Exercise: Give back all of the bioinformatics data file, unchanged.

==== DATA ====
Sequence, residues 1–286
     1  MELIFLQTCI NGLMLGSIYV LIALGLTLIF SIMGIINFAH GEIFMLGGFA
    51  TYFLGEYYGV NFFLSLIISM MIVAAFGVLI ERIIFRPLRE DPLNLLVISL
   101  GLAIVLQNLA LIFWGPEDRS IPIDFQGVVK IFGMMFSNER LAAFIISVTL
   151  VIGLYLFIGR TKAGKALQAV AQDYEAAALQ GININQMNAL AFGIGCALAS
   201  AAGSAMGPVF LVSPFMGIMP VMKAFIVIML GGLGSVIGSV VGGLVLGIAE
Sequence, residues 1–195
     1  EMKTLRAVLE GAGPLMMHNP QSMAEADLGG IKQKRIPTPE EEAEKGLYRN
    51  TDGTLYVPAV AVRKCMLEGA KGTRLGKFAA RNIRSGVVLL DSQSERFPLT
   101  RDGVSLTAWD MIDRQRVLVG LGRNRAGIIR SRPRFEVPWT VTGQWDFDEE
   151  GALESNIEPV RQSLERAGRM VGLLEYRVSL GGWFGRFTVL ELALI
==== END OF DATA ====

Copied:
Sequence, residues 1–286
     1  MELIFLQTCI NGLMLGSIYV LIALGLTLIF SIMGIINFAH GEIFMLGGFA
    51  TYFLGEYYGV NFFLSLIISM MIVAAFGVLI ERIIFRPLRE DPLNLLVISL
   101  GLAIVLQNLA LIFWGPEDRS IPIDFQGVVK IFGMMFSNER LAAFIISVTL
   151  VIGLYLFIGR TKAGKALQAV AQDYEAAALQ GININQMNAL AFGIGCALAS
   201  AAGSAMGPVF LVSPFMGIMP VMKAFIVIML GGLGSVIGSV VGGLVLGIAE
Sequence, residues 1–195
     1  EMKTLRAVLE GAGPLMMHNP QSMAEADLGG IKQKRIPTPE EEAEKGLYRN
    51  TDGTLYVPAV AVRKCMLEGA KGTRLGKFAA RNIRSGVVLL DSQSERFPLT
   101  RDGVSLTAWD MIDRQRVLVG LGRNRAGIIR SRPRFEVPWT VTGQWDFDEE
   151  GALESNIEPV RQSLERAGRM VGLLEYRVSL GGWFGRFTVL ELALI